Is there anything more glorious than summertime in the Rockies? Barbecues and patio beers, long, warm evenings (midweight-puffy warm) and crisp mornings. The snow disappears off all but the tallest, glaciated peaks for a short-lived glimpse of the rock beneath.
We inhale opportunity—the chance to start again, to redefine what we hold sacred, a rebirth of nature and ourselves. Anything is possible in the summer, when we set free the dreams dreamt in the dark of winter. This is our comeback, baby.
Here in the Rockies, we watch the rebirth of nature like we watch the weather blow down the valley—blink and you might miss the rapid interplay of snowmelt and green sprouts. Our proximity to nature also shines a spotlight on its fragility and our lead-footed impact on its delicacy. To survive, we must repurpose ourselves and our resources; reinvention and renewal are necessary to the process of life. —Kristy Davison & Erin Moroz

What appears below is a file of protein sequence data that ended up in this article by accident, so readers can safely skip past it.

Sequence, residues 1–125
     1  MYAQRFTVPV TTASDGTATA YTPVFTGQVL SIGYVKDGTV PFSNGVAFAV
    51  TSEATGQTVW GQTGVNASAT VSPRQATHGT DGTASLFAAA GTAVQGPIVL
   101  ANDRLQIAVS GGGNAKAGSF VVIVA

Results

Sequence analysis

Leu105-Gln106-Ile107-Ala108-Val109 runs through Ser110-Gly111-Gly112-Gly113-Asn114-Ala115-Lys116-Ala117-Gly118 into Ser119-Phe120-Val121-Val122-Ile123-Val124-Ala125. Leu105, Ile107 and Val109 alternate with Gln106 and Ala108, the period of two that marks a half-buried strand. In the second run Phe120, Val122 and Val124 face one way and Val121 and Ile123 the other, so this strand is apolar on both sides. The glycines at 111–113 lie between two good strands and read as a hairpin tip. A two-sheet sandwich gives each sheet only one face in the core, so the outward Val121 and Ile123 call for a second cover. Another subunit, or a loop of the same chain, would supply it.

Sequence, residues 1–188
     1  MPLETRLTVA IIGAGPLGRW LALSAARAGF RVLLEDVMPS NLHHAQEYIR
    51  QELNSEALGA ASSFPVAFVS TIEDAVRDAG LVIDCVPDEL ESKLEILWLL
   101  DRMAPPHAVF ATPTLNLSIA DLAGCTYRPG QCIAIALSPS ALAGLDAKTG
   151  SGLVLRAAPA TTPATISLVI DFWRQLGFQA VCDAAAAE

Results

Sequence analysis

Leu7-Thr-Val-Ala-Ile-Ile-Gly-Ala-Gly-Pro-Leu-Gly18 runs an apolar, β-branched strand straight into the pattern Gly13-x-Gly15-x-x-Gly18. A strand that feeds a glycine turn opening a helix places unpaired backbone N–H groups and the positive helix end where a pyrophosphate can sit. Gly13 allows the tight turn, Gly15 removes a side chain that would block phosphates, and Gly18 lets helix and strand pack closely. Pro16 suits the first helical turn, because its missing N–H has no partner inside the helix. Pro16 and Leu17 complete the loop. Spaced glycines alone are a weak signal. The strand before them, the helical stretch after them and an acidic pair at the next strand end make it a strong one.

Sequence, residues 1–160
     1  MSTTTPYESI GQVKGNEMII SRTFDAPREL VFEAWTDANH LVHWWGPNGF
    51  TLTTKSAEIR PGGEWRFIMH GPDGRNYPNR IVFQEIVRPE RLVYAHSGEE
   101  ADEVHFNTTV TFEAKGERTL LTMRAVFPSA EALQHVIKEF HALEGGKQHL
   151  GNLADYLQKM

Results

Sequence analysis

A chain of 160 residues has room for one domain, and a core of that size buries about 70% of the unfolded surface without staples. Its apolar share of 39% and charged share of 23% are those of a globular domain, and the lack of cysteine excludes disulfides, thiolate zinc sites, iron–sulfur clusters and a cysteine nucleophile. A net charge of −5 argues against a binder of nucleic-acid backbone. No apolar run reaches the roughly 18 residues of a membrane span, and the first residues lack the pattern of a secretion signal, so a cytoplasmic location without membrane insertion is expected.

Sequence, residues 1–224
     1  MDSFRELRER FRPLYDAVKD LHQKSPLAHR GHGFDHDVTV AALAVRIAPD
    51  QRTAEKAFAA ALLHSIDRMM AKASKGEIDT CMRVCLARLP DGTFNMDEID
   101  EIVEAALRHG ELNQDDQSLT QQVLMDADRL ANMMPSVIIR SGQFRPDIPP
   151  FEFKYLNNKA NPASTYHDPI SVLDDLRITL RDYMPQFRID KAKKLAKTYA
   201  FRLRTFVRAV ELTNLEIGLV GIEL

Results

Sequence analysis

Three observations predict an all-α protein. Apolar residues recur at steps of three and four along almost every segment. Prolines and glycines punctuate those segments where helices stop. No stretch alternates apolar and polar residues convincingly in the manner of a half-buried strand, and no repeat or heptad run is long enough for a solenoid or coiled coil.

Behind the Photo: Summertime Sends
Snowmelt feeds the valley bottom as winter ebbs into spring, then summer. The ski season abates with the transition of seasons; yet snow days are chased year-round by a few dedicated ski bums. The preposterous idea of seeking out turns in the summertime holds a specific allure. Long hikes in the hazy heat of summer are rewarded with sun-crusted lines littered with rocks perfectly positioned to chew up bases. The absurdity of it all, coupled with fist bumps and drinks kept cold in the few remaining pockets of natural ice, is almost enough to make a person forget the weight of a backpack laden with heavy skis on sweaty bare shoulders. As temperatures trend higher every summer, glaciers are beaten down into bony renditions of their past forms and the tug-of-war between rock and ice continues. – Cody Shimizu